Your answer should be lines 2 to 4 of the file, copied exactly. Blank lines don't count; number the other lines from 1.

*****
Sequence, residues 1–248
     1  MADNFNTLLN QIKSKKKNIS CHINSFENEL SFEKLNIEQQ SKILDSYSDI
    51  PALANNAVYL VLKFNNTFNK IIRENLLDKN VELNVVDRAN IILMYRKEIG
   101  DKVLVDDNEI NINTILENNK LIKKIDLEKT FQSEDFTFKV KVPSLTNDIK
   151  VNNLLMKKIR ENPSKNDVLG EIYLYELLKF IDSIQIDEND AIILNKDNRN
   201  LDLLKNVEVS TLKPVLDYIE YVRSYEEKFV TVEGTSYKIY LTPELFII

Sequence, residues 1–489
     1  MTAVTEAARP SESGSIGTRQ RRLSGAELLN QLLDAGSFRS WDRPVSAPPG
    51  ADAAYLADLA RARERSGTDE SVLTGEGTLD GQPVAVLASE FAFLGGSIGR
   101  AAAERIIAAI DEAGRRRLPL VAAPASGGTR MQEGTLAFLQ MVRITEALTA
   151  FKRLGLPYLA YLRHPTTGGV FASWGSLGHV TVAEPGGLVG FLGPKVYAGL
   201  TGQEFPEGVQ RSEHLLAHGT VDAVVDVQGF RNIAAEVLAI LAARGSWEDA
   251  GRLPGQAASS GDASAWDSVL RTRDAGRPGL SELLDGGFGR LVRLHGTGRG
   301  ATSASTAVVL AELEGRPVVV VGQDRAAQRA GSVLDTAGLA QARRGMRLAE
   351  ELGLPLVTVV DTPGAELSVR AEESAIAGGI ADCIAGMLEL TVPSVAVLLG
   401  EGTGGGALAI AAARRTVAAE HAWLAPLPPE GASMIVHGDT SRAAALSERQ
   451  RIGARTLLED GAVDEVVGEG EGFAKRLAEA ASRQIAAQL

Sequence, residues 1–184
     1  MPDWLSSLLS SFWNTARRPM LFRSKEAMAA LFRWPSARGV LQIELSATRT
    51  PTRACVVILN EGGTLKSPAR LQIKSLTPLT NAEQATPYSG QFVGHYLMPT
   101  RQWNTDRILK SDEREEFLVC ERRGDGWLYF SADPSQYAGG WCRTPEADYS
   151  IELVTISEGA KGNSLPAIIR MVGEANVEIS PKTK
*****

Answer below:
     1  MADNFNTLLN QIKSKKKNIS CHINSFENEL SFEKLNIEQQ SKILDSYSDI
    51  PALANNAVYL VLKFNNTFNK IIRENLLDKN VELNVVDRAN IILMYRKEIG
   101  DKVLVDDNEI NINTILENNK LIKKIDLEKT FQSEDFTFKV KVPSLTNDIK